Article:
Giggs performances at a consistently high level for the remainder of the 90’s, adding Premier League crowns, FA Cups and a Champions League trophy to his collection. His all round play matured; able to control games from wider areas and regularly produce game changing moments.
Despite the public perception that Best’s finest years at United were short lived - he sustained a superb level of fitness and productivity through to the end of the 1971-72 season, finishing as the club’s top scorer for a sixth consecutive campaign.
Yet as the pair moved into their thirties their careers suddenly faced new challenges with Giggs and Best suffering varying degrees of decline for very different reasons.
At the turn of the century Giggs began to suffer a noticeable dip in form. The Welshman was finding it hard to adapt, unable to replicate the scintillating style of play he’d found so natural in his youth. It would be a lengthy point of transition for Giggs, from former pacy winger to creative playmaker, and for some time the change made him look awkward and inconsistent.
In comparison Best’s drop-off was far more serious.
Because after the highs of their European Cup triumph United had been in slow and steady decline. Matt Busby retired after the following campaign in 1969 and over the next few seasons the club experienced a series of mid-table finishes. By the Summer of 1972, having spent multiple campaigns dragging United out of the mire with an impressively consistent goalscoring record, the Irishman announced his retirement.
Despite his decision, Best oddly continued to train on and off for a period; but his overactive social life that had been in full swing for sometime began to strangle him - the player regularly missing sessions and games. Best made his final appearance for the club in early 1974 - only months before they were relegated to the Second Division.
Best played at Old Trafford for just over a decade and for the majority of his time in Manchester he shone brightly. Whilst his United career is marred by his latter years of rebellion and chaos it seems that both have done very little to tarnish his legacy - instead giving it a sense of edge or excitement.
The polar opposite to Best’s melodrama is Giggs. Within the game at least (personal life aside) the Welshman is reflected upon as a model professional and elite athlete. His longevity and consistency across such a prolonged period of time has helped to firmly secure his place towards the summit of the club’s legend list. Changing his position into the mid-2000’s allowed Giggs to retain his importance amongst the first team yet it sacrificed much of his dynamic and eye-catching gameplay in the process.
“There will never be, in my opinion, somebody who is going to play at that level from the age of 17 to 40. It’s quite unbelievable”
Giggs need not fear - he will forever be lauded as a bonafide United great.
Over an almost unprecedented twenty four seasons at Old Trafford he played a club record 963 times, finding the net 168 times and providing 162 assists in the Premier League alone. Across more than two decades the Welshman claimed thirty four honours including thirteen Premier League titles, four FA cups, two League cups and a pair of Champions League trophies.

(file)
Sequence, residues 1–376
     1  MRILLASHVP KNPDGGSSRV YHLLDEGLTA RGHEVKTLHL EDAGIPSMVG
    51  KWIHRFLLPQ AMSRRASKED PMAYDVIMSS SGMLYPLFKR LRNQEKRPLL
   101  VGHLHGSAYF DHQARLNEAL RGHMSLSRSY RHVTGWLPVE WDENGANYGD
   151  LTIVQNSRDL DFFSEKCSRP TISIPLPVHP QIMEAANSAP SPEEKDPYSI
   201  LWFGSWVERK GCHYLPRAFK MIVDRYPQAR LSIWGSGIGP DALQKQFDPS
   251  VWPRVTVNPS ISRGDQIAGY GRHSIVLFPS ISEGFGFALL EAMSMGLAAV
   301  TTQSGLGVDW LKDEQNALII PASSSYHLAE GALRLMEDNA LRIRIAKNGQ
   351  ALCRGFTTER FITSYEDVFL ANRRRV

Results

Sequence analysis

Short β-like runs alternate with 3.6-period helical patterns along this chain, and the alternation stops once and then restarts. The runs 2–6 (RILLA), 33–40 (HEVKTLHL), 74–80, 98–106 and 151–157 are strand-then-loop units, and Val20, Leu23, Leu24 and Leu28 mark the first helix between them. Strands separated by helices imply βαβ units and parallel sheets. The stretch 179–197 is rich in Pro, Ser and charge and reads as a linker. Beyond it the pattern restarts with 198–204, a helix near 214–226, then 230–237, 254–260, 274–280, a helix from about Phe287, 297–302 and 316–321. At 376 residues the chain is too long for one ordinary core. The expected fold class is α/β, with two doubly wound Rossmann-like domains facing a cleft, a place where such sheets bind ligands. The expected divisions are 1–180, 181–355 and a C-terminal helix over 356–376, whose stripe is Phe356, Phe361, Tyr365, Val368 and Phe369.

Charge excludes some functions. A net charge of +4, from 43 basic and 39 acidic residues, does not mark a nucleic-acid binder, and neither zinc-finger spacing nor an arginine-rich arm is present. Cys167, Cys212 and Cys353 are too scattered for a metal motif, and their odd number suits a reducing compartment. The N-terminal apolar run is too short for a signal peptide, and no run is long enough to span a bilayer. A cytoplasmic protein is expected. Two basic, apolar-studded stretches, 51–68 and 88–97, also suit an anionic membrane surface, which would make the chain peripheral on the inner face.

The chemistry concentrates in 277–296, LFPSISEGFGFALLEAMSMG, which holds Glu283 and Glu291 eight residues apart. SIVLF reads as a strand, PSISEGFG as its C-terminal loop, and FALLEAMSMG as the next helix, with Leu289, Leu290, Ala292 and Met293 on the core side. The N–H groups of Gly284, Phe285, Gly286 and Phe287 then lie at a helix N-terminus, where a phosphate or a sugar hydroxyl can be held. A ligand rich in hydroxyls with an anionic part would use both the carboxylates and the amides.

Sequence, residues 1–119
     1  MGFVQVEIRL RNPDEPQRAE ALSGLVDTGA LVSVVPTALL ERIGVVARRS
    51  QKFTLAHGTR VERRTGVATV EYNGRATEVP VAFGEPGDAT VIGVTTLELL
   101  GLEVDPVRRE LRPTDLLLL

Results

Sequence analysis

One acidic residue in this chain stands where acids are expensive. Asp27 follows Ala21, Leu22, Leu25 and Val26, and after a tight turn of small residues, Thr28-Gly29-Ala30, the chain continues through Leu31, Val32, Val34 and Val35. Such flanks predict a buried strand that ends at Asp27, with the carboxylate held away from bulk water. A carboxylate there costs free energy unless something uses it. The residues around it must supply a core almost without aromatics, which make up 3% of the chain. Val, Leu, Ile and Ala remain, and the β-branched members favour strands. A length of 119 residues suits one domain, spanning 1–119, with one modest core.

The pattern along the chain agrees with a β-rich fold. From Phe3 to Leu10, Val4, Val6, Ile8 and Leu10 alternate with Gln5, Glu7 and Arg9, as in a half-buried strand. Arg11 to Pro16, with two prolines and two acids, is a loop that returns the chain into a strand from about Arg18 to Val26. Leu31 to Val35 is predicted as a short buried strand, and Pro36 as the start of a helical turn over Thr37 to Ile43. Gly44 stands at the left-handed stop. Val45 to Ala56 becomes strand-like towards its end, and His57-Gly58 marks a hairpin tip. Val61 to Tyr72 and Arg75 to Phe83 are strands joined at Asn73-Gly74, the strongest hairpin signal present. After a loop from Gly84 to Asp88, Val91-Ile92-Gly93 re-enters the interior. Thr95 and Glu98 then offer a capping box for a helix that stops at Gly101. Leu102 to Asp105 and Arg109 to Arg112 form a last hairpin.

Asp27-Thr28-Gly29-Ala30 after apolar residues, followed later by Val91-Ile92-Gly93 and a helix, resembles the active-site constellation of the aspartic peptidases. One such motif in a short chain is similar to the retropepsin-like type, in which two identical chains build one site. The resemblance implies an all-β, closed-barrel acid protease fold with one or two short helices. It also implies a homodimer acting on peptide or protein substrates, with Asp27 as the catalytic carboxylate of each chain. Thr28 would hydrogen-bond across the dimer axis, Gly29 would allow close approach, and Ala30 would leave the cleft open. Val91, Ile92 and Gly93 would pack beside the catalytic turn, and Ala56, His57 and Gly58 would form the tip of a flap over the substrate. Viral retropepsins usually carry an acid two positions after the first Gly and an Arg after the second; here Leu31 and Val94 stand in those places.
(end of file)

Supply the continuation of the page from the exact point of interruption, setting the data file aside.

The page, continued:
“A young Giggsy was like a Ballet Dancer. I had never seen a young player like that and I had seen the Busby Babes”
He will always be remembered for his strike in the FA Cup Semi Final in 1999.
Finishing 1-1 after 90 minutes, the game headed into extra time and with just over ten minutes to play, Giggs characteristically sprung into action. Picking up a misplaced pass from Arsenal midfielder Patrick Viera, the Welshman headed on a weaving run from his own half and after a series of ‘Best-esque’ body swerves, found himself in the penalty area - expertly striking the ball high into the roof of David Seaman’s net.
Best completed ten full seasons at United and in part an eleventh troubled final campaign. He made 470 appearances for the club and scored 179 times in all competitions. In comparison to Giggs, the Irishman’s silverware haul is far less impressive, claiming only two top flight titles and a single European Cup.
For all his amazing goals - arguably his most important strike came in the 1968 European Cup final itself. Winning the ball following a 50/50 tackle about twenty yards from goal, Best ran through before skilfully rounding the keeper and slotting into an almost empty net.
So why is Giggs seen as a United great whereas Best is remembered as one of the greatness?
Why Ryan Giggs Was Nearly The New George Best
"Pelé called me the greatest footballer in the world. That is the ultimate salute to my life."
When Ryan Giggs rose to fame in his teenage years his career began to follow the same path as former Manchester United great George Best. Both players quickly became crucial to their respective teams and helped United win several trophies. Giggs and Best found superstardom beyond the game, drawing attention from the World’s Media and becoming commercial assets to big brands of the time.
Yet in the later stages of their careers, the two players' lifestyles started to differ from one another; with Giggs choosing to remain professional and committed to his club while Best faltered in his prime; a result of his frenetic lifestyle and addiction.
Giggs is a Manchester United legend. The consistently high standards he set over many decades with one club has ensured his incredible legacy. However George Best is seen not only as an idol at Old Trafford but also one of the greatest players to have ever played the game.
Rightly or wrongly - it is Best considered not only a great but one of the greatest.